Birth of a Nation
Director Nate Parker’s biographical film about Nat Turner plays out like the scariest of horror shows, and it very well should. The film scarily portrays Turner’s slave rebellion in the South, one that resulted in many African Americans being slaughtered in retaliation. It’s bloody, it’s heartbreaking, and it’s the two-by-four to the face type of film the subject warrants. Parker plays Turner, a slave raised as a preacher and exploited for money by his plantation owner (Armie Hammer in a scary performance). Parker’s performance is powerful. As for his directing, he portrays white plantation and slave owners and preachers as hissing, hateful, almost cartoonish demons, and I say amen to that. Some of the history might not be 100 percent accurate, but the portrayal of the hatred and disgusting state of affairs that led to Turner’s uprising is vivid and on target. Jackie Earle Haley, a.k.a. Kelly Leak of The Bad News Bears, successfully portrays one of the most repugnant, irredeemable characters ever put to screen. Stylistically, the film gets a little strange in a few moments, but the end results and impressions are long lasting, very meaningful ones.
3 The Greasy StranglerThis totally bonkers film plays out like David Lynch meets John Waters. Grouchy old man Big Ronnie (Michael St. Michaels, who once played a security guard on Diff’rent Strokes) and his weird son (Sky Elobar) conduct disco tours in which they lie to tourists about where the Bee Gees wrote their music. In the evenings, the grouchy old man just might be the Greasy Strangler, a man who is basically what his title implies: a dude covered in grease—partly due to the greasy food he eats—who strangles people. Things become complicated when Big Ronnie takes a liking to his son’s girlfriend, resulting in a lot of full-frontal nudity from all cast members. First time director Jim Hosking traffics in a sort of absurdist humor that won’t be appreciated by all, but for those who like their movies weird, he serves up a smorgasbord with this one. It’s also really gross, with lots of grease, farts and eyeball consumption. If you’re a fan of such cult films as The Dark Backward, you will eat this up. If you don’t like your comedies weird and gross, stay far, far away. (Available for rent on iTunes and Amazon during a limited theatrical release.)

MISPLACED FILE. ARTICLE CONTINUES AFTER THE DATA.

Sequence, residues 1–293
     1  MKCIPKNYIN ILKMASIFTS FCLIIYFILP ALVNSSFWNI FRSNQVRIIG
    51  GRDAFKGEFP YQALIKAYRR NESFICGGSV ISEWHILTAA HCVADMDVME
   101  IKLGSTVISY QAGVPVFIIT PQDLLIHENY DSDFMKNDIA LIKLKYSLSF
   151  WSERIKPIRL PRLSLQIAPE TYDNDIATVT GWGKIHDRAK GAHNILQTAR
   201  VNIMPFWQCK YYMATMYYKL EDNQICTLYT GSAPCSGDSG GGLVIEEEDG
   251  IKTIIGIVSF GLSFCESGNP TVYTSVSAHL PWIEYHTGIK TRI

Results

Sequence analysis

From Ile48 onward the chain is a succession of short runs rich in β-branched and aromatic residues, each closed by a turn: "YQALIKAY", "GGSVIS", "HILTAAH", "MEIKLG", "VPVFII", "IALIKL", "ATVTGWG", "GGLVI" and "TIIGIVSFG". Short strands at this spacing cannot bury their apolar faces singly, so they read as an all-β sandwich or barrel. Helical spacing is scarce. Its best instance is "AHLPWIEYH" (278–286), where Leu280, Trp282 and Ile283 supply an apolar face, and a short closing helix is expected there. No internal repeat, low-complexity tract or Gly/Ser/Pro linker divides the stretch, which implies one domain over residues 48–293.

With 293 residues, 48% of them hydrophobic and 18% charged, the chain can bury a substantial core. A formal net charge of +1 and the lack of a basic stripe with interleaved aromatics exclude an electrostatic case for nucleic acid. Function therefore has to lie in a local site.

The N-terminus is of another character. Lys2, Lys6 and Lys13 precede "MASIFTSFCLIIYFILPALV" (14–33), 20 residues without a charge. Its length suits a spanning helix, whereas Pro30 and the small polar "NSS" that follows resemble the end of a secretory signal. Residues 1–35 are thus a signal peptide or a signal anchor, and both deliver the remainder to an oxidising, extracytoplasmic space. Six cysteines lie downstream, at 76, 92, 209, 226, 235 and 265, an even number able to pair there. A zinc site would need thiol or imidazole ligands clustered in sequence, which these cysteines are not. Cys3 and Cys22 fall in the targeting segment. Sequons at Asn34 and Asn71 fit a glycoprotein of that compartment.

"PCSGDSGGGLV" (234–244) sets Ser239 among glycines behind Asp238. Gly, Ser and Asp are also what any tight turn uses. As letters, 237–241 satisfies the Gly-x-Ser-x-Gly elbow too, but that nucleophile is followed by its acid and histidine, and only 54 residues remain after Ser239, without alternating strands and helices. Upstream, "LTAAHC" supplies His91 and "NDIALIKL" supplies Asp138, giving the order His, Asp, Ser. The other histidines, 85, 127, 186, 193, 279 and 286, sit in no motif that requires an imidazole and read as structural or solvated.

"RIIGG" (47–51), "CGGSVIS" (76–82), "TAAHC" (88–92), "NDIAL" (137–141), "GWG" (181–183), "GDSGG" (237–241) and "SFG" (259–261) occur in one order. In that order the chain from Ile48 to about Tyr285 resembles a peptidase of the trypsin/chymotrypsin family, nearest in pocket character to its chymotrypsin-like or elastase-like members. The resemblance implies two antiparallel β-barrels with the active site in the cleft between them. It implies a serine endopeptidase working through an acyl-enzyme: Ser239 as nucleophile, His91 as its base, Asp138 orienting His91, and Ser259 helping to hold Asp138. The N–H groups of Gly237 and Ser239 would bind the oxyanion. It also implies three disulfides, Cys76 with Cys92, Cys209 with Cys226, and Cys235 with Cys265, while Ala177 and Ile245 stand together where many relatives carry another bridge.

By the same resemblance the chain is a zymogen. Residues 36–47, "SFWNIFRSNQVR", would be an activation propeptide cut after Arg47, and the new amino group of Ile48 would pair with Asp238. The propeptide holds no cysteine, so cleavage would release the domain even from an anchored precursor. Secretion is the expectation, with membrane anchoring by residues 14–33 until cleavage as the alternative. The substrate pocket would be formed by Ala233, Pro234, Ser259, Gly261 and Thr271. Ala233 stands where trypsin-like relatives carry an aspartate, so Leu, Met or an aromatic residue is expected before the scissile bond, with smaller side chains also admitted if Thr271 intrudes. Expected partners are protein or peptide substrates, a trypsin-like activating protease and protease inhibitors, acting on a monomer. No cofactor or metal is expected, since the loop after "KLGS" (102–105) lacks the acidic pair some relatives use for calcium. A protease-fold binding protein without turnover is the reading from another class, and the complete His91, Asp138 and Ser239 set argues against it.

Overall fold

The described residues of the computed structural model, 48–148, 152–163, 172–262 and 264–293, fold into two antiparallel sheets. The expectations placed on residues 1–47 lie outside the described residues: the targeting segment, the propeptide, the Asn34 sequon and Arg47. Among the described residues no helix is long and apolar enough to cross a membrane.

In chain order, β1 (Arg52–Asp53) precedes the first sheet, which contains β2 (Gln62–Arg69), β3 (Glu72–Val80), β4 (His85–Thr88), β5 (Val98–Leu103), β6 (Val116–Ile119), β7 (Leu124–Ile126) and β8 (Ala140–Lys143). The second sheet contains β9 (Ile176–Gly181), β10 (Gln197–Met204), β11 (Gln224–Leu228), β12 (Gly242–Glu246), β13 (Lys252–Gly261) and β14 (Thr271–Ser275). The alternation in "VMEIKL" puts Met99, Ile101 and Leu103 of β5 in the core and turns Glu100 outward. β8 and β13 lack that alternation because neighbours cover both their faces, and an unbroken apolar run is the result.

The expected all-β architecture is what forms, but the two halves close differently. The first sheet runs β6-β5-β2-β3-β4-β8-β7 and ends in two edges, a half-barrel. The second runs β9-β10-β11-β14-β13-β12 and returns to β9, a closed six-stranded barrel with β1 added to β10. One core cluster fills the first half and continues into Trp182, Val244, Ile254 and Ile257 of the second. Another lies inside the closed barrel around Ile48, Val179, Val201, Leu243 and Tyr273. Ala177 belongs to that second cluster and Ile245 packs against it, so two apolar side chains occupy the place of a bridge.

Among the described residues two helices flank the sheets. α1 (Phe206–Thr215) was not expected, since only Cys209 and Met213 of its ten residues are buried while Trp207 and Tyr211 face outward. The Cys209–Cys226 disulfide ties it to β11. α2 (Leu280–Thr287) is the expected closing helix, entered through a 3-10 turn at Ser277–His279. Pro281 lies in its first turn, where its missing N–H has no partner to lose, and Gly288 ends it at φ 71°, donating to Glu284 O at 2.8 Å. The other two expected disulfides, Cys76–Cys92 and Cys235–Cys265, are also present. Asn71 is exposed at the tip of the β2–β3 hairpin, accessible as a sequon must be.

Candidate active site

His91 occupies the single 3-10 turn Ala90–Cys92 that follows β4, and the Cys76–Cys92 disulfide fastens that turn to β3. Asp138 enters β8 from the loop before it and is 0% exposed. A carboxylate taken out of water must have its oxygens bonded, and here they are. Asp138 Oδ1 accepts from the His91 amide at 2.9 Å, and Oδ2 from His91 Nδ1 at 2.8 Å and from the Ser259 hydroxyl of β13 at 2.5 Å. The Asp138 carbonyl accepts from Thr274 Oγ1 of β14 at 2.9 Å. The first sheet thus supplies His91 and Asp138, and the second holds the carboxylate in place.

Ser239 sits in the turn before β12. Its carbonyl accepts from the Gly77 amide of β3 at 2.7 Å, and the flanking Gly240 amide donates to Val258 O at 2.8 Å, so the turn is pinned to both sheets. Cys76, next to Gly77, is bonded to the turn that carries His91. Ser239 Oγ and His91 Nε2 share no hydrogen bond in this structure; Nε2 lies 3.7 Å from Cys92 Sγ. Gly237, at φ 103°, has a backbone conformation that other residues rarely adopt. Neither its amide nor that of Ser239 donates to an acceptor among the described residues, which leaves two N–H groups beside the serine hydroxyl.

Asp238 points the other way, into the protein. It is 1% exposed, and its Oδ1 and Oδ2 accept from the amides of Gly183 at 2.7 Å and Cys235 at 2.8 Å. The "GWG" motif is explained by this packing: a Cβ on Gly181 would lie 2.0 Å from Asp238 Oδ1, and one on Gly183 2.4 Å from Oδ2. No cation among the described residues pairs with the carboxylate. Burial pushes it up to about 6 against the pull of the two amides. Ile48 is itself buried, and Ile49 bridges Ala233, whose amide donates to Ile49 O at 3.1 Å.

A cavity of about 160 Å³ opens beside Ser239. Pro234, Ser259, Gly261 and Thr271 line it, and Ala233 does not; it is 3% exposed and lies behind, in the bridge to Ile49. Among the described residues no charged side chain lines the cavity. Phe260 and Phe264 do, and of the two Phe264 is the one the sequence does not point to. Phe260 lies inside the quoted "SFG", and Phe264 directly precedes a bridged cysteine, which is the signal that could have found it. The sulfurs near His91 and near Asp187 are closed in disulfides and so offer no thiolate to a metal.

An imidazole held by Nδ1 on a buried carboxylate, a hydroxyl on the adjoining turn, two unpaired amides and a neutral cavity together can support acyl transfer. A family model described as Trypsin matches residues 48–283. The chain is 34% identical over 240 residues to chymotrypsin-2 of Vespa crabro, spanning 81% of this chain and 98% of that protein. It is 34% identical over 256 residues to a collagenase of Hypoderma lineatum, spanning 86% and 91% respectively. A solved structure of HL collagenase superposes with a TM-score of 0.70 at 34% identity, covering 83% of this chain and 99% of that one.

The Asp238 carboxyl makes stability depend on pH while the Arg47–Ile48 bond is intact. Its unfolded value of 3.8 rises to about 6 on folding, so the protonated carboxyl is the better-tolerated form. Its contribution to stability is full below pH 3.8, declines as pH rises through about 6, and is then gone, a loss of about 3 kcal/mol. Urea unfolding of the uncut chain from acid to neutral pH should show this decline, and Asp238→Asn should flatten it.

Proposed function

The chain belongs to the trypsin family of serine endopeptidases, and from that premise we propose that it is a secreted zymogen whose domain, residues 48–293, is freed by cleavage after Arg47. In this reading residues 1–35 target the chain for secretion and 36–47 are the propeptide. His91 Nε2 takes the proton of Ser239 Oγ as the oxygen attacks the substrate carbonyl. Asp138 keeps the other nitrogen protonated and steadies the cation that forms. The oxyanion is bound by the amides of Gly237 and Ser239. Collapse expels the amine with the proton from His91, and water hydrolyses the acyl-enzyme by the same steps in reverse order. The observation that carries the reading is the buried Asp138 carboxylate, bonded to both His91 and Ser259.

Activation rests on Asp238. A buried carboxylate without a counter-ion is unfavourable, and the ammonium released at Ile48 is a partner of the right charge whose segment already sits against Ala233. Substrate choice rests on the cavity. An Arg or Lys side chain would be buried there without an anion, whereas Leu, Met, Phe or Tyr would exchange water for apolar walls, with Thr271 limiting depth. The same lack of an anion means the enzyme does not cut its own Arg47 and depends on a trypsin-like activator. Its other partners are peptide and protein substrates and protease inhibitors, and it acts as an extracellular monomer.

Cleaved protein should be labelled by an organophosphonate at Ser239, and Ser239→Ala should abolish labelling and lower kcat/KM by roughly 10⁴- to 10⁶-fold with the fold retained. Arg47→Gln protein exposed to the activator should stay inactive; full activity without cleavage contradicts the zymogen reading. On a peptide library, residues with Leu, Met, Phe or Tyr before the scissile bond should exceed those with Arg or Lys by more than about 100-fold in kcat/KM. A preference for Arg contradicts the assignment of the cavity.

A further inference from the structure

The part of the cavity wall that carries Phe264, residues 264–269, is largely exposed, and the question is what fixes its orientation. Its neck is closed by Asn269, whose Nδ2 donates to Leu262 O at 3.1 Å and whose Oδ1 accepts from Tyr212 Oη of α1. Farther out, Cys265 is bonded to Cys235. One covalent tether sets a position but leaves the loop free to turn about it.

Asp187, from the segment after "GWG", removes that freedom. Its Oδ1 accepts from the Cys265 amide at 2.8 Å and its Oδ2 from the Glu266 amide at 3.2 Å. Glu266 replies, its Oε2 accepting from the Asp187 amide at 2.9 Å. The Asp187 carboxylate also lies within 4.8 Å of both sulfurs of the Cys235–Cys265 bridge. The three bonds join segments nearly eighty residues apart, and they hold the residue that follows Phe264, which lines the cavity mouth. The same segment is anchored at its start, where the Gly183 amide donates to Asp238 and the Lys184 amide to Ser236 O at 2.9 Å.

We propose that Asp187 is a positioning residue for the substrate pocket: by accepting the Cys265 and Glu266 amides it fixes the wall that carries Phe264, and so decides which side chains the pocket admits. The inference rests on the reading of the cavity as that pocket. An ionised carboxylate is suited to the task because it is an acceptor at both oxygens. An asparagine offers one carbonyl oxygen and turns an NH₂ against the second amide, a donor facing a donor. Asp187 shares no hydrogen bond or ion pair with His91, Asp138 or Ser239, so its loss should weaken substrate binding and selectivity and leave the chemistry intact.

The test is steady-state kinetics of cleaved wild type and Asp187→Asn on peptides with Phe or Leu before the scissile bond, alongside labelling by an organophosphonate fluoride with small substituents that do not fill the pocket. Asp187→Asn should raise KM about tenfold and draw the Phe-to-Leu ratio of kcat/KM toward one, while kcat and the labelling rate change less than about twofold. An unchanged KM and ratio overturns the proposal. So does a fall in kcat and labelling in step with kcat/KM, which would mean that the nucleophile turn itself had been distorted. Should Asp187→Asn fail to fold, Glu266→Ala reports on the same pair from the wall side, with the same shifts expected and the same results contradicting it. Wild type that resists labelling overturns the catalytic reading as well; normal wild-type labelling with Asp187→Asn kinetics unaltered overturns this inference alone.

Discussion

3 Deepwater HorizonI think my shockingly lustrous eyelashes got singed watching Deepwater Horizon, director Peter Berg’s harrowing account of the worst oil rig disaster in American history. That’s because Berg’s film drops the viewer into a situation where fire and explosions are so realistic, you can feel the heat and disorientation of the 2010 disaster, which claimed the lives of 11 men and led to an oil spill eclipsing all other oil spills. Mark Wahlberg is first-rate as Mike Williams, a man who was actually on the rig at the time of the disaster. Kurt Russell equals his power as Jimmy Harrell, who questions the integrity of the rig, and then proceeds to have the worst shower in cinema history since Janet Leigh had a showdown with Anthony Perkins. Berg puts his film together so that the mere sight of mud oozing from a pipe is terrifying. When the stages of the disaster go into high gear, it’s as scary as any horror film to hit screens this year. There’s a true sense of isolation and disorientation when the action goes full throttle. Props to the editor for creating a sensation of being utterly lost in the mayhem that escalates until the final two survivors jump many stories to the ocean below.